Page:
• A mark or expression of praise, congratulation, or appreciation for excellency

  • A ceremonial rite (such as a tap on the shoulder with a sword) granting knighthood

  • (Antiquated) A symbol in musical notation (similar to "{" ) that denotes two or more lines as played simultaneously


We at WinEveryGame like to congratulate anyone who wins a word game, but one wordsmith who really earned a tip of our cap was David Wilson. A man of terrific character, acuity, and word-play-wisdom, David has earned our highest accolade: a host of grand-sounding titles that only lexicographers would come up with. Let's do them alphabetically: he's the Agha of Awesome, the… - wait, you mean you don't know who David Gibson is? Do you even word-game?

We're just kidding: even those of us who are pretty serious gamers might not know much about the North American Scrabble Championship (NASC), an annual tournament that, in 2016, was won by David Gibson. It takes a lot to win the NASC - 5 solid days of rigorous word-play against some of the top Scrabble players on the planet. Yes, this is a real thing, and winners like David earn every bit of the accolades they receive at the awards ceremony afterwards. Oh, and the $10,000 - hard to think of a better accolade than that.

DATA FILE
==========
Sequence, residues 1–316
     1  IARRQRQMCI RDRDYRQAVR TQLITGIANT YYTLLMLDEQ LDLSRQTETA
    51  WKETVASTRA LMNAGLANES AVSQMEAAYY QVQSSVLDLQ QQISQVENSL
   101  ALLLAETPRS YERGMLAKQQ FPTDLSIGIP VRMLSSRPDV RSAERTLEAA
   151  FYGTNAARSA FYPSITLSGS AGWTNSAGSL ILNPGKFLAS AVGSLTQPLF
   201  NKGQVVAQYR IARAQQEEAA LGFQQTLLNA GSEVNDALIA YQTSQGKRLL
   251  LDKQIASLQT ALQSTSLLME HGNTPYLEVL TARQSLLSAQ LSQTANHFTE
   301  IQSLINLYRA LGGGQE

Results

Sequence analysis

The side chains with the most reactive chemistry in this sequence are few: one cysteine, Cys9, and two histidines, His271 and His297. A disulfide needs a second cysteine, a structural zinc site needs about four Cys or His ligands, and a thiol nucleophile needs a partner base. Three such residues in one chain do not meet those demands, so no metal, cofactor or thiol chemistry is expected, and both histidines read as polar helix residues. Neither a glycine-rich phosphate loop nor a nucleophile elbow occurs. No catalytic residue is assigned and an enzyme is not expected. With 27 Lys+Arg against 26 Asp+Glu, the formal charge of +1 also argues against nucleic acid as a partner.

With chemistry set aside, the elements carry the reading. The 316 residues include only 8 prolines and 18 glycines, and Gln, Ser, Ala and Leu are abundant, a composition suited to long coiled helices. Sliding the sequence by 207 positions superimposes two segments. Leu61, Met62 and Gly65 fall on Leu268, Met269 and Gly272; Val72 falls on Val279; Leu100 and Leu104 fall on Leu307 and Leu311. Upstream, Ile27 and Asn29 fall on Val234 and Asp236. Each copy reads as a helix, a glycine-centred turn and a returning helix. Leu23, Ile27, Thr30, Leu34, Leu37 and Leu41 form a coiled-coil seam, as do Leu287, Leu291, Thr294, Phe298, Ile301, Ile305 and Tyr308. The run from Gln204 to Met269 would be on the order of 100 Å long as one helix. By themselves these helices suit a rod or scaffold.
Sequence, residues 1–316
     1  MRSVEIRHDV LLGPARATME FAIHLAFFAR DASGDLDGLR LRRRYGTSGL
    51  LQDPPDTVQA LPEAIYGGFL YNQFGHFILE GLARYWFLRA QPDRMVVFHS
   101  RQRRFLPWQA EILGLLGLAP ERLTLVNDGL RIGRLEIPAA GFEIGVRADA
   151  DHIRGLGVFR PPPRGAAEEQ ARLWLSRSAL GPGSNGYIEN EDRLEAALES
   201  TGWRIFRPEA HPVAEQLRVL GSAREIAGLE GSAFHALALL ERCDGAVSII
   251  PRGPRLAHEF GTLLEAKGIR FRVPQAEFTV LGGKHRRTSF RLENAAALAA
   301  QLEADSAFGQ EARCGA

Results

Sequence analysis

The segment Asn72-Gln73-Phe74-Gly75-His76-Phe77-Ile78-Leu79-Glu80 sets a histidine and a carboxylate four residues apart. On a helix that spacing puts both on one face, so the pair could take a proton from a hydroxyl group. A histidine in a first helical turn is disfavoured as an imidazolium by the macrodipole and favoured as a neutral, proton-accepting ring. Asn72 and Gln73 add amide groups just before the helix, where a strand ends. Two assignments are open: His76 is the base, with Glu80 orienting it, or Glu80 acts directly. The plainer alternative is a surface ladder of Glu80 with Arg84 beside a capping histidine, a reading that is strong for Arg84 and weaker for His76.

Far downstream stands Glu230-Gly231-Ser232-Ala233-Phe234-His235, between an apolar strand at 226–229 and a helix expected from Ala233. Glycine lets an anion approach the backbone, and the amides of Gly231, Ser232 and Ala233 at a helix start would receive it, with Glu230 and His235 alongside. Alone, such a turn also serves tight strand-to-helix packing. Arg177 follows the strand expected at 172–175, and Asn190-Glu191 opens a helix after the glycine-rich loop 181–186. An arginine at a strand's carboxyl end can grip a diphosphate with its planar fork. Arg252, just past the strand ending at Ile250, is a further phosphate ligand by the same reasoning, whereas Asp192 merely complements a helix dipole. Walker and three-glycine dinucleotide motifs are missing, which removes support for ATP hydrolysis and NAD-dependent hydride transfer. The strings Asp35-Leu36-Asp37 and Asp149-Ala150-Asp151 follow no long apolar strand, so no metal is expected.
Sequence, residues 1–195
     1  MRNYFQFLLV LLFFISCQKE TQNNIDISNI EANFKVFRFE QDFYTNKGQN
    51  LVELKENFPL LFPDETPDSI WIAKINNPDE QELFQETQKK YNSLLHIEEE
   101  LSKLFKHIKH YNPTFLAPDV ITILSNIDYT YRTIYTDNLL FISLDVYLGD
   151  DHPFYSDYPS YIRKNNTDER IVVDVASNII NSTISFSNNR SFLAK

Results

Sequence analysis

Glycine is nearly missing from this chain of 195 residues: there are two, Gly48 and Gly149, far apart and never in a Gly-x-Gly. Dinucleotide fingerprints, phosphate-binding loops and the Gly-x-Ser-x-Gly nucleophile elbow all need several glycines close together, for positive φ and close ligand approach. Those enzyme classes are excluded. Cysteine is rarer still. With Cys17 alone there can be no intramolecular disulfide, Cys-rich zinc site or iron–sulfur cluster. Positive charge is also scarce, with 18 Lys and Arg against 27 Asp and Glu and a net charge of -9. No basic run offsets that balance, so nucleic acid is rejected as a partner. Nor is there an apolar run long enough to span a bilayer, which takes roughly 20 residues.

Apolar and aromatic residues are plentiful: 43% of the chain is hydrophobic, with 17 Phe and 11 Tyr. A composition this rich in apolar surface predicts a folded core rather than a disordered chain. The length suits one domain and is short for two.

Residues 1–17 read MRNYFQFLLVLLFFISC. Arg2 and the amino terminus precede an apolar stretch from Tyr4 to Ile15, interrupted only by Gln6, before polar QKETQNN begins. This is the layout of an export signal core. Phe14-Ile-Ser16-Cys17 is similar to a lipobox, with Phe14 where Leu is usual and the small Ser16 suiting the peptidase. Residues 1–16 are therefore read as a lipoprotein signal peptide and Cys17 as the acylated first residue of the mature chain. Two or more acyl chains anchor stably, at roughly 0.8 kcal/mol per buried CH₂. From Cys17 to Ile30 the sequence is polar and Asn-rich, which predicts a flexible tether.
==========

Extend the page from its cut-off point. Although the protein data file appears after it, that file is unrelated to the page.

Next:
Whether it's a shiny trophy, a laudatory speech, or $10,000, an accolade is definitely something you want. The thing is, you have to earn it. No matter what form it takes, an accolade is essentially an expression of commendation. It's given in recognition of something superlative you've done, like winning a marathon or raising enough funds to pay for a new community center. Accolades are often physical objects, but they can just as easily be actions, like a pat on the shoulder and a few words of admiration. Accolades are frequently given at ceremonies, but they can also be ceremonies that are conducted as a means of giving someone a special acknowledgement.